My illness once was my life, when I was the bipolar poster boy

When I needed, I needed to know, needed help, needed support, community
My illness was all bewildering—new to a shattered world, my world
When the fulness of my life sunk into my illness
My identity reposed in the drop-in center
When the eyes of all consumers waited upon me
My category slotted me High Functioning: the drop-in center super consumer
When my illness was my life and I befriended NAMI’s salve
My life and acquired competences sent me all across the US
When my story lectured at local, state, national, and international conferences
My recovery article published me in university journal and recovery workbook
When my illness was my life and I was a textbook label, the bipolar poster boy

My illness echoes in my every life outside the doors of the drop-in center
My recovery calls me to thriving stories outside psychiatric textbooks
My illness recurs but ritual chant in archaic language of quaque hora somni pills
My recovery fashions me in the image and likeness of a wholeness I always was
My illness wrapped me in clouds, warped self-image flashing fragments past self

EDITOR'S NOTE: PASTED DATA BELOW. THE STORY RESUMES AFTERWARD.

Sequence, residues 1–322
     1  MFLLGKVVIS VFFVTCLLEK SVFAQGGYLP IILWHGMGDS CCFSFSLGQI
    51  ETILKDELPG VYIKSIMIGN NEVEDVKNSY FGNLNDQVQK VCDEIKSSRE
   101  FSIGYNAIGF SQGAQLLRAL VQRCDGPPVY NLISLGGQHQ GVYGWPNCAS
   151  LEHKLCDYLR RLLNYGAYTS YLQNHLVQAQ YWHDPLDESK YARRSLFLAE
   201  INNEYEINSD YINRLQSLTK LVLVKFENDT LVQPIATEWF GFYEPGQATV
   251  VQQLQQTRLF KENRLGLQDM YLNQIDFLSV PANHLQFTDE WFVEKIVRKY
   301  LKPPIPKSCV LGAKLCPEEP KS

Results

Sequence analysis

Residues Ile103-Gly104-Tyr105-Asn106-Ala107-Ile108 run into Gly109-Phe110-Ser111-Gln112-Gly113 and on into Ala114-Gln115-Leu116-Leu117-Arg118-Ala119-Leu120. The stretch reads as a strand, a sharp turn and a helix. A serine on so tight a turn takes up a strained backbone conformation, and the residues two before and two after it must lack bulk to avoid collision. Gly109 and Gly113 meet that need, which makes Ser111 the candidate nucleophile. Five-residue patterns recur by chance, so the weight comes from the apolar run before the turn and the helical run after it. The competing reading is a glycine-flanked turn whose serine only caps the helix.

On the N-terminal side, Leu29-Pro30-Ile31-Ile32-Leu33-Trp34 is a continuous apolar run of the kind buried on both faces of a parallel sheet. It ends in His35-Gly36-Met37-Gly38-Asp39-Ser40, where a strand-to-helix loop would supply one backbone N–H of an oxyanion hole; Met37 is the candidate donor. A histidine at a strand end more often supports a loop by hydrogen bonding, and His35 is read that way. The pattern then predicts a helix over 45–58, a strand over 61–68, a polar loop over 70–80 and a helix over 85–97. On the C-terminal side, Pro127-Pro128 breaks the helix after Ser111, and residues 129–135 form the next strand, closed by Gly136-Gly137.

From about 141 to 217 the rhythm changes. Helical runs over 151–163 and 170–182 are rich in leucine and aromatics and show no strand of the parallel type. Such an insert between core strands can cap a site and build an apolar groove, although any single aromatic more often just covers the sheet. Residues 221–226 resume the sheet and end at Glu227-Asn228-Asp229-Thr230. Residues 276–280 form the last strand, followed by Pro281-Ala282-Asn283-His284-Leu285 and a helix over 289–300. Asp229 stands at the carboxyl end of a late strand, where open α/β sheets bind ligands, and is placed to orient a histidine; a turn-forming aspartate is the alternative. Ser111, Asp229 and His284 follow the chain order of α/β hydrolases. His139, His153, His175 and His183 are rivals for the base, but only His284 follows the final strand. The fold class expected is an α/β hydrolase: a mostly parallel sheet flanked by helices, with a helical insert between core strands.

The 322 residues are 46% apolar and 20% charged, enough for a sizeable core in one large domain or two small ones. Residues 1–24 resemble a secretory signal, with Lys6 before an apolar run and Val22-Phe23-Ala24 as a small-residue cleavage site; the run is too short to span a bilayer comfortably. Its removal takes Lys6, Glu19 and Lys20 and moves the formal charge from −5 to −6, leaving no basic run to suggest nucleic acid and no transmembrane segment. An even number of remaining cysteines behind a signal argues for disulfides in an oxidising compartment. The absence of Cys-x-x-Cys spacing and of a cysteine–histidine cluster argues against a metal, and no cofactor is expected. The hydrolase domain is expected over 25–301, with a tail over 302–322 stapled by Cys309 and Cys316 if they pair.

My recovery closes the textbook identifiers written upon a terrible chapter
My illness fades in the clarity now illuminating the mind it once dominated
My recovery lives as a poem, a song, a choir of friends, a cathedral of love
My illness shadows my awareness as a backward glance into the dark
My recovery belies the stigmata that would mark me as unholy, unwhole, ill
My recovery nearly makes me an unbeliever, that there ever was a time

My illness was my life, when I was the bipolar poster boy

Technology and Self-Driving Cars

I am not looking forward to self-driving cars.  Technology is already intruding into my life in unwanted ways.  What would technology do to my self-driving car, if it is already bothering me with my laptop?!!